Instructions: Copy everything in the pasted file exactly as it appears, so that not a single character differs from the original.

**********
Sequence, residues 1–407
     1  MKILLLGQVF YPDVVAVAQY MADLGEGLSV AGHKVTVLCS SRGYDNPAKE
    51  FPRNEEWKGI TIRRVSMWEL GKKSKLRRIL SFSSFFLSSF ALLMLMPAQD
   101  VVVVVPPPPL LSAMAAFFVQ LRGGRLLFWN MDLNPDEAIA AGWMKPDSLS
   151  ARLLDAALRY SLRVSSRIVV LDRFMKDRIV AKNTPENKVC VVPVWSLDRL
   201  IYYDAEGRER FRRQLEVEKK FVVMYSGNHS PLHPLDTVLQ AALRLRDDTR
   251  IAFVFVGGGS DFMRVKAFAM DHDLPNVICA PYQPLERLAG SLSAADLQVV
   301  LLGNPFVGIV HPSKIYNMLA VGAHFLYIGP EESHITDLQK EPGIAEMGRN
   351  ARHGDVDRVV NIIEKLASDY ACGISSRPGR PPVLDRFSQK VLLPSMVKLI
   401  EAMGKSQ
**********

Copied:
Sequence, residues 1–407
     1  MKILLLGQVF YPDVVAVAQY MADLGEGLSV AGHKVTVLCS SRGYDNPAKE
    51  FPRNEEWKGI TIRRVSMWEL GKKSKLRRIL SFSSFFLSSF ALLMLMPAQD
   101  VVVVVPPPPL LSAMAAFFVQ LRGGRLLFWN MDLNPDEAIA AGWMKPDSLS
   151  ARLLDAALRY SLRVSSRIVV LDRFMKDRIV AKNTPENKVC VVPVWSLDRL
   201  IYYDAEGRER FRRQLEVEKK FVVMYSGNHS PLHPLDTVLQ AALRLRDDTR
   251  IAFVFVGGGS DFMRVKAFAM DHDLPNVICA PYQPLERLAG SLSAADLQVV
   301  LLGNPFVGIV HPSKIYNMLA VGAHFLYIGP EESHITDLQK EPGIAEMGRN
   351  ARHGDVDRVV NIIEKLASDY ACGISSRPGR PPVLDRFSQK VLLPSMVKLI
   401  EAMGKSQ